A World on Fire: Advent Hope and Doubt

This Advent, @FirstPresHayward is delving into A World on Fire, exploring the traditional themes and stories of Christmas, but with a focus on

  • hope, doubt and the housing crisis (Zechariah and Elizabeth)
  • joy and belonging (Mary’s visit to Elizabeth)
  • love and the refugee crisis (the Holy Refugee Family)
  • peace and violence (King Herod)

Though we are using a standard Advent curriculum @firstpreskidshayward, we are overlapping it with the themes and ideas that our adult counterparts are exploring in worship in the hopes that meaningful family conversations will unfurl this season.

First Sunday of Advent: Mary’s Story

It’s no joke. Mary was freaking out, as my kids put it.

She was thirteen and unmarried. And suddenly pregnant — something my 11-year-old can’t even begin to imagine as I sit here pregnant with her third sibling. She rolls her eyes.

My tween is stoic and loves books about cat warrior societies. She wants for nothing. We live in a suburban bedroom community with a high-performing school district. We own a home in the Bay Area of California with higher education, job opportunities and cultural capital within arm’s reach. We are without a doubt globally wealthy and certainly live a comfortable American life. (As a family, we are the 1,857,686th richest person on earth — in the top 0.03%. Visit globalrichlist.com with your kids to put your family’s wealth in perspective for them.)

Life is relatively pleasant and privileged for my kids. All of them are kids of color. Two of them are female. One is male. Even in the Bay Area, they will experience their share of racism and sexism. We have weekly, if not daily, conversations where their unearned privileges or lack thereof come to light. I encourage a constant awareness of privilege and bias that helps us put into perspective our problems and our blessings.

Despite my oldest child often having her nose in a book, we walk through life with our eyes wide open.

After an abatement of a homeless encampment in our city, our church opened up an emergency shelter and resource center with the help of the county. The work continues into the winter, with an expansion that opened up 20 more beds for our unsheltered neighbors. While there is overall government and community support, a glimpse on social media makes it plenty obvious that there are people who choose to argue and place blame, to deflect, to ignore reality.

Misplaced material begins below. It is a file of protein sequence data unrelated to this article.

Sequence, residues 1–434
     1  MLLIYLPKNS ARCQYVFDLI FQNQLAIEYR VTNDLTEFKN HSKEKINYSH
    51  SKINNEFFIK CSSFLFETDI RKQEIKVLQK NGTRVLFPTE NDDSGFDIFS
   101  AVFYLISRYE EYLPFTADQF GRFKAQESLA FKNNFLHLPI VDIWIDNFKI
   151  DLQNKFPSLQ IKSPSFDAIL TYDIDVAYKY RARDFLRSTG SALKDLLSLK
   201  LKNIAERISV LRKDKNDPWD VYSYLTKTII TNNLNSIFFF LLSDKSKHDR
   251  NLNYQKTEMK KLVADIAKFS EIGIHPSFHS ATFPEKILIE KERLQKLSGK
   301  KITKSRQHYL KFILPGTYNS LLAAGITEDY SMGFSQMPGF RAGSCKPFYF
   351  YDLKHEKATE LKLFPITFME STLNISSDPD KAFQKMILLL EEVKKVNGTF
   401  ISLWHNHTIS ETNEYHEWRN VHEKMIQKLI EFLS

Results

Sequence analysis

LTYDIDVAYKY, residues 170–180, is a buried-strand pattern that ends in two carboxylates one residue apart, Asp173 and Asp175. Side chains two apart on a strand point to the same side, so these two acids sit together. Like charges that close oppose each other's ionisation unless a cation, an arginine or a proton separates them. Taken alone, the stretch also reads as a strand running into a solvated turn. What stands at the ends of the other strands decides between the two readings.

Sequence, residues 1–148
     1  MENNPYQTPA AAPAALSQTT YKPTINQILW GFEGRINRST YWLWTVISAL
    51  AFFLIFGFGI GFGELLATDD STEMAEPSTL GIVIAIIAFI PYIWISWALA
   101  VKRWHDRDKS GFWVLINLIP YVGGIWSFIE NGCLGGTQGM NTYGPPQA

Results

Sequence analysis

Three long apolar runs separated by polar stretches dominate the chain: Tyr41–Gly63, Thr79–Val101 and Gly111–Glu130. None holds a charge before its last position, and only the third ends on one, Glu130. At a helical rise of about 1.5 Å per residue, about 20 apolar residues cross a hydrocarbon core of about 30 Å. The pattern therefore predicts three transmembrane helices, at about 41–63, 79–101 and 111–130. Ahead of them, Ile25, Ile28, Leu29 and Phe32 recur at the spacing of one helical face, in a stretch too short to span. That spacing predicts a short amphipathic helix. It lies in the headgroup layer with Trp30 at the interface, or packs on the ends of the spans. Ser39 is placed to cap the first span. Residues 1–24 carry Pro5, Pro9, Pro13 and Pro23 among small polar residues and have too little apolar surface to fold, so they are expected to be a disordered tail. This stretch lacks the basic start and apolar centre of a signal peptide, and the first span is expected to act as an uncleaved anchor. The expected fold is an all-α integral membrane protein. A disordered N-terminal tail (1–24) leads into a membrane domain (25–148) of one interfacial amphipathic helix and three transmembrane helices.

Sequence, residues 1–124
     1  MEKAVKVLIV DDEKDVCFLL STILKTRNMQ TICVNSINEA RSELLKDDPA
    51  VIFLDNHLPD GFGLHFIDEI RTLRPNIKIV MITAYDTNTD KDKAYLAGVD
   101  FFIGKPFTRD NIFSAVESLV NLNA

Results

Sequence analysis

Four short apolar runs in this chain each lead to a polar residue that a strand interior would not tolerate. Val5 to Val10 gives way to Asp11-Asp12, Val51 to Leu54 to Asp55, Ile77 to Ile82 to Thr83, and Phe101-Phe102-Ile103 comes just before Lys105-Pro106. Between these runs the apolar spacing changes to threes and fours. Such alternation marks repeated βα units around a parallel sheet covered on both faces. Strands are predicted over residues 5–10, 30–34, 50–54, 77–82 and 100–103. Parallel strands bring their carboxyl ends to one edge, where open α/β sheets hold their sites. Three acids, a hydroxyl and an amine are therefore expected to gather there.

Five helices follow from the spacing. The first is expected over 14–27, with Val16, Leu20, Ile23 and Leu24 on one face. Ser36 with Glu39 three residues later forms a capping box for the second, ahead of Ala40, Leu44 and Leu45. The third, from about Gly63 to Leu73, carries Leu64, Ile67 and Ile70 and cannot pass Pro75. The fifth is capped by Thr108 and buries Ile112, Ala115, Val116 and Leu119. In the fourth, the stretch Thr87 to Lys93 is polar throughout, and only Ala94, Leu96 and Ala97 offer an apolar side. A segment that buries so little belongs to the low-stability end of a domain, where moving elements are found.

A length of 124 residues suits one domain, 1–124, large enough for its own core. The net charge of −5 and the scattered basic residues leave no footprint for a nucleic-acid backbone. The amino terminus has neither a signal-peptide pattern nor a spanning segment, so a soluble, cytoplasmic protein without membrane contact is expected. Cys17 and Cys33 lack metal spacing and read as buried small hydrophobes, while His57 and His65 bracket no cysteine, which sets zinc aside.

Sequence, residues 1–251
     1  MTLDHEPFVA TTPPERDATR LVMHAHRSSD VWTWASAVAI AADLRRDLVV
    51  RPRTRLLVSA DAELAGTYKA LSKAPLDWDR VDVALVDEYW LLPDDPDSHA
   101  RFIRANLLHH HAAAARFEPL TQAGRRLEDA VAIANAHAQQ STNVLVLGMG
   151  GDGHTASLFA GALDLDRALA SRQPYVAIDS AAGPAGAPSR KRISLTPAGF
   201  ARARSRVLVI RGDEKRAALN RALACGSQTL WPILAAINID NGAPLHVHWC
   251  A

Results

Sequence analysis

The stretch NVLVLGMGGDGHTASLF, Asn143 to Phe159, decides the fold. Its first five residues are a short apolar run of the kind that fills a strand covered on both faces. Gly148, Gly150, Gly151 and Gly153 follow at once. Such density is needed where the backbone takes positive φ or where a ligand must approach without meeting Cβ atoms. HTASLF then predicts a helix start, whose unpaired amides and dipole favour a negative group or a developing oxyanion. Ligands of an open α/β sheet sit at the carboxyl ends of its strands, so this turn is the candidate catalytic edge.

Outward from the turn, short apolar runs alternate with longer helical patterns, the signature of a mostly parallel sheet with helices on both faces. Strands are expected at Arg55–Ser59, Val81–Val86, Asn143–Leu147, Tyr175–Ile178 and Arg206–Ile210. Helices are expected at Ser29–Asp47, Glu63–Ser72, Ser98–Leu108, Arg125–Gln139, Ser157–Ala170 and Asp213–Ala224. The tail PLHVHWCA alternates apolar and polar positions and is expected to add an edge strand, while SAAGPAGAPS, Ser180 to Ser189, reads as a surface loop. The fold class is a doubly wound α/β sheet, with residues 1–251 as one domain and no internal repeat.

Homelessness is a reality. If we weren’t already seeing evidence of a housing or mental health or chemical dependency or Veteran’s affairs crisis on our city streets, we see it every week at our church. Racism, sexism, poverty, too — they are all realities. And they were arguably all realities that Mary also faced. That, and an unexpected pregnancy.

Life can be complex and difficult of it’s own accord. Throw any life into the societal crucible and see what comes out. Sometimes (read: All The Time) unexpected things happen. Bad things happen. Painful things happen.

As parents, it is our impossible desire to shield and protect our children. But, this does them a disservice. They learn to ignore, push away and deny feelings of confusion, fear, doubt, pain. Instead of learning how strong and resilient God made them, they don’t expand beyond the fragile frame we set out for them.

How do we walk with our children through the pain of the world — experienced or observed? How do we coach them through a world we know is on fire and help them to know that they will emerge from the flames — hurt, charred, changed maybe, but not shattered — that they will emerge like a ceramic work from the kiln: fireproof.

The Angel Gabriel brought Mary good news that changed her perspective — that brought her hope in a time of doubt. What good news of hope do we deliver to our children?

God is with you, surely. I am with you. You are not alone. You do not have to do it alone. You belong. You are God’s.

Not only what do we tell our children, but also how do we show it? How does our discipleship model in not only spiritual, but also tangible, actionable ways what God intended for humanity? For the human in my womb, the human rolling her eyes at me, the humans losing their homes, the Mary’s living in this world on fire? How do we hold hands, walk through the fire, toward the Beloved Kingdom?



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First Pres Kids Hayward

First Pres Kids Hayward


Written by Lauren Gibbs-Beadle @firstpreskidshayward Children’s Ministries @firstpreshayward | educator, creative, parent | she/her